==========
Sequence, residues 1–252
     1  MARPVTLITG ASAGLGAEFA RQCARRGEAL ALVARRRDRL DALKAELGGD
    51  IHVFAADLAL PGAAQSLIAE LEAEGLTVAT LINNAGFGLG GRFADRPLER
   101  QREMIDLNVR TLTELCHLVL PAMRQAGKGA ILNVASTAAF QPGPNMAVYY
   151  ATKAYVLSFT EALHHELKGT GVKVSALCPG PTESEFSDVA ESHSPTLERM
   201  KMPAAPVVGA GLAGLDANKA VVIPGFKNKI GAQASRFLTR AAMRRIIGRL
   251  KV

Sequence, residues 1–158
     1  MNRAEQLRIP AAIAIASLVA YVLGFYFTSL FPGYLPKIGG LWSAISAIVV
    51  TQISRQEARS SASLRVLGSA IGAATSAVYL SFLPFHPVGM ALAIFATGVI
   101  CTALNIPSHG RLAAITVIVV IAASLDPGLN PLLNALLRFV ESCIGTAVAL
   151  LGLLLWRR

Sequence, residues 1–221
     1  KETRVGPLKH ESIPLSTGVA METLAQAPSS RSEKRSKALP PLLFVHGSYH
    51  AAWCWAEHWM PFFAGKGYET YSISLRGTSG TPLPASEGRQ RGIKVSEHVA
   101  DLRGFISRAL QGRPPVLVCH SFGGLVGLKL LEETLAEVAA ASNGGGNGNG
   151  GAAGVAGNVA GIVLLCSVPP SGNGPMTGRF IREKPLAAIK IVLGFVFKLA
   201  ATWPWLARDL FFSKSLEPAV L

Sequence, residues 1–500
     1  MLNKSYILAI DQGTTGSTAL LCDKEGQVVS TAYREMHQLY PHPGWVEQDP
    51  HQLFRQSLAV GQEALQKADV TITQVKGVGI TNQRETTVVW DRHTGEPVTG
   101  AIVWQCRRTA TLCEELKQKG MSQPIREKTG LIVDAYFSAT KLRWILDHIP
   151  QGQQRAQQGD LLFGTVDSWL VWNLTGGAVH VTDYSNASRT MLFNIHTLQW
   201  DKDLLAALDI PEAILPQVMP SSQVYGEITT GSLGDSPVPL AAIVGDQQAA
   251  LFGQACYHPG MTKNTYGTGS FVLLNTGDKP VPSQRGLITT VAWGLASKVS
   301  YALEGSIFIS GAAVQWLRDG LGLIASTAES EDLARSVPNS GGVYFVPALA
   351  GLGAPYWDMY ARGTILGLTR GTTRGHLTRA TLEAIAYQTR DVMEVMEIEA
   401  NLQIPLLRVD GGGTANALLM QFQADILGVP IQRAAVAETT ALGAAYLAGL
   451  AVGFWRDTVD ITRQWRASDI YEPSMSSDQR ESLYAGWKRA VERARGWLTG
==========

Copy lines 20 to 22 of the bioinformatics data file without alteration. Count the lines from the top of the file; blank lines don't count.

     1  MLNKSYILAI DQGTTGSTAL LCDKEGQVVS TAYREMHQLY PHPGWVEQDP
    51  HQLFRQSLAV GQEALQKADV TITQVKGVGI TNQRETTVVW DRHTGEPVTG
   101  AIVWQCRRTA TLCEELKQKG MSQPIREKTG LIVDAYFSAT KLRWILDHIP